To sit on the right hand, and on the left, is to have the most eminent places of dignity and honour after Christ. This the mother might be encouraged to ask for James and John, because of their alliance to Christ, and because Christ had admitted them with Peter to be with him at his transfiguration. However, the rest of the disciples hearing of this ambitious request of the two brethren; and being as desirous and in their own opinions as deserving of the same honour, they had indignation against them.
Whence note, That none of the disciples did imagine that Christ had promised the supremacy to Peter, by these words, Tu es Petrus, Thou art Peter; for then neither James nor John had desired it, nor would the rest have contended for it.
Observe here, 1. The persons making this request to Christ, Zebedee's children, that is, James and John, by the mouth of their mother. They spake by her lips, and made use of her tongue to usher in a request which they were ashamed to make themselves.
Observe, 2. The request itself, Grant that these two may sit, the one on thy right hand, and the other on thy left hand.
Where note, How these disciples did still dream of Christ's temporal kingdom, (although he had so often told them, That his kingdom was not of this world) and ambitiously seek to have preference and pre-eminence in the kingdom. See here how these poor fishermen had already learnt craftily to fish for preferment. Who can wonder in seeing some sparks of ambition and worldly desires in the highest ministers of Christ, when the apostles themselves were not free from aspiring thoughts, even when they lay in the bosom of their Saviour? Ambition has all along infested churchmen, and troubled the church, even from the very first original and foundation of it.
Observe, 3. Both the unseasonableness and unreasonableness of this request made by his disciples. Christ speaks of his sufferings to them and they sue for dignity and great places from him, in optimis nonnihil est pessimi; the holiest, the wisest, and the best of men, in their imperfect state, are not wholly free from passionate infirmities. Who would have expected that when our Saviour had been preaching the doctrine of the cross to his disciples, telling them that he must be mocked, scourged, spit upon, and crucified for them, that they should be seeking and suing to him for secular dignity and honour, pre-eminence and power? But we plainly see, the best of men are but men, and the none are in a state of perfection on this side of heaven.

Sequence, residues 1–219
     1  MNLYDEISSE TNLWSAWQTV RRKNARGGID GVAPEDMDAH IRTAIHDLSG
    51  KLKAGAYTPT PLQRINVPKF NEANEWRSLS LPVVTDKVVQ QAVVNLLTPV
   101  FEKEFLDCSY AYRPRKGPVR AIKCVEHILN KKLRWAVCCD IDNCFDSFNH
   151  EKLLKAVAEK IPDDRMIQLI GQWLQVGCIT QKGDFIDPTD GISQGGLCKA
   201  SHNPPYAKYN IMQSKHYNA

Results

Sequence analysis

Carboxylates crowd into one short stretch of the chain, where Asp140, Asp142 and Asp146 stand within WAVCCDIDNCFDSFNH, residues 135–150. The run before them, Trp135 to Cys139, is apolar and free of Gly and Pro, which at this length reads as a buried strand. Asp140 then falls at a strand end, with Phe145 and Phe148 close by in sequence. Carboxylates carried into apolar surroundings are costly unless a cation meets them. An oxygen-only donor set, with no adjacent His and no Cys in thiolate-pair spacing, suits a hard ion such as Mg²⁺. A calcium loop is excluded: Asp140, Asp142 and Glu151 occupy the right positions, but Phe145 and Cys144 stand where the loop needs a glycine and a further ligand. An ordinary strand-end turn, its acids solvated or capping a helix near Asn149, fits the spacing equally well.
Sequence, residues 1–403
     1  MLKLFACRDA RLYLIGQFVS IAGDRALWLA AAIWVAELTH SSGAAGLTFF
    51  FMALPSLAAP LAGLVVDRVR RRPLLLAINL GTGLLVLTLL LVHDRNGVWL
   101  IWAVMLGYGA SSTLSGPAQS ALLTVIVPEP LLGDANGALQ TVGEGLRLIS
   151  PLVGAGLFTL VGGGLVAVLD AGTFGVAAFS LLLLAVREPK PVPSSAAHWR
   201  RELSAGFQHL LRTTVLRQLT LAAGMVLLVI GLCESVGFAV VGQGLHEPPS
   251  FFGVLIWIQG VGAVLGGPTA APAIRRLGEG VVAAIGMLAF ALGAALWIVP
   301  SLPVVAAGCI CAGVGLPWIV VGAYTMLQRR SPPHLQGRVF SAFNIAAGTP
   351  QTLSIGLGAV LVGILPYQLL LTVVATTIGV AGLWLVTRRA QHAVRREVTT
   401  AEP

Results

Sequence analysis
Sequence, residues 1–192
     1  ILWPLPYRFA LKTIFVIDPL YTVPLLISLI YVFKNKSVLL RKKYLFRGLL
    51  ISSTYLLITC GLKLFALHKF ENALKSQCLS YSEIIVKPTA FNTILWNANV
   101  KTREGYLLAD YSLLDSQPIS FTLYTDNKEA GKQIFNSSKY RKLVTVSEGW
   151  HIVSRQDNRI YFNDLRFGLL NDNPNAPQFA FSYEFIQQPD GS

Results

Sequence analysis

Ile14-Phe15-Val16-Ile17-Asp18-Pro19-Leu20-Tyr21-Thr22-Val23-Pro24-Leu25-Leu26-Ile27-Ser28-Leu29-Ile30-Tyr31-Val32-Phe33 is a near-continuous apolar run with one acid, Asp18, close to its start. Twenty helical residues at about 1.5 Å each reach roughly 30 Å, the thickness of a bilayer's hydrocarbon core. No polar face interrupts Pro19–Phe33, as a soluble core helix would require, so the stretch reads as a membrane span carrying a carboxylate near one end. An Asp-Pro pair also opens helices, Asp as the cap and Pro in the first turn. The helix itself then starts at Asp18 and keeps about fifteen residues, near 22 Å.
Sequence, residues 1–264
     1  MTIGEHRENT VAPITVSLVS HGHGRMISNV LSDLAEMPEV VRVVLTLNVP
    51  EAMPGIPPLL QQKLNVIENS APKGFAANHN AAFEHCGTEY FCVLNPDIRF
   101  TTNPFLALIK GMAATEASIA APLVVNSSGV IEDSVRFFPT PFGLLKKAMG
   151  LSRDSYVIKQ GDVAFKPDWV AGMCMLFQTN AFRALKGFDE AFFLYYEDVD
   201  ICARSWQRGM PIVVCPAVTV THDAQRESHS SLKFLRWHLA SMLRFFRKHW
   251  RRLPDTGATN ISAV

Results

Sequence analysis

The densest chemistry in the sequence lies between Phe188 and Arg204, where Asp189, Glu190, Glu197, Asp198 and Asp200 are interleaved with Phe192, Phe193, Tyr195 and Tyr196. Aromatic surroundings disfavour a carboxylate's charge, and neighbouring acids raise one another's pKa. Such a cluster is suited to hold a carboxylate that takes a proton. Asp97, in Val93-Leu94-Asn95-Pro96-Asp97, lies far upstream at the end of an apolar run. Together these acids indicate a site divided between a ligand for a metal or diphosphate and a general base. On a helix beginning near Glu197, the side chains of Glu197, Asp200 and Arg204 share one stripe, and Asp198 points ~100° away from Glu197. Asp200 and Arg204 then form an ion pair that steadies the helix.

As if Christ had said, "You do but abuse yourselves with fond and idle dreams; there is other work cut out for you in the purpose of God, than sitting upon thrones and tribunals; to think of suffering, would do you more service."
And accordingly our Saviour, in his answer, tells these disciples,
1. That they were greatly ignorant of the nature and quality of his kingdom, which was not secular but heavenly: but the carnal notion of a glorious earthly kingdom upon earth, in which they should be delivered from the Roman power, was so deeply imprinted in their minds, that they frequently declared their expectation of it, notwithstanding all the assurances which Christ had given them of the contrary.
Observe, 2. The course which our Saviour takes to cool the ambition of his disciples; he tells them, they must expect here, not crowns on their heads, but a cross on their backs; they must first taste of his sufferings, before they talk of his glory; and patiently suffer for him, before they expect to reign with him; plainly intimating, that the cross is the way to the crown, suffering the way to reigning, and that those that suffer most for Christ, shall partake of highest dignity and glory from him.
Observe, 3. The presumptuous confidence which the disciples had of their own strength and ability for sufferings. Are ye able, says Christ, to drink of my cup? They replied, We are able. Alas! poor disciples! when it came to the trial, they all cowardly forsook him and fled. A bold presumption makes us vaunt of our own ability; holy jealousy makes us distrustful of our own strength. Those that are least acquainted with the cross, are usually the most confident undertakers.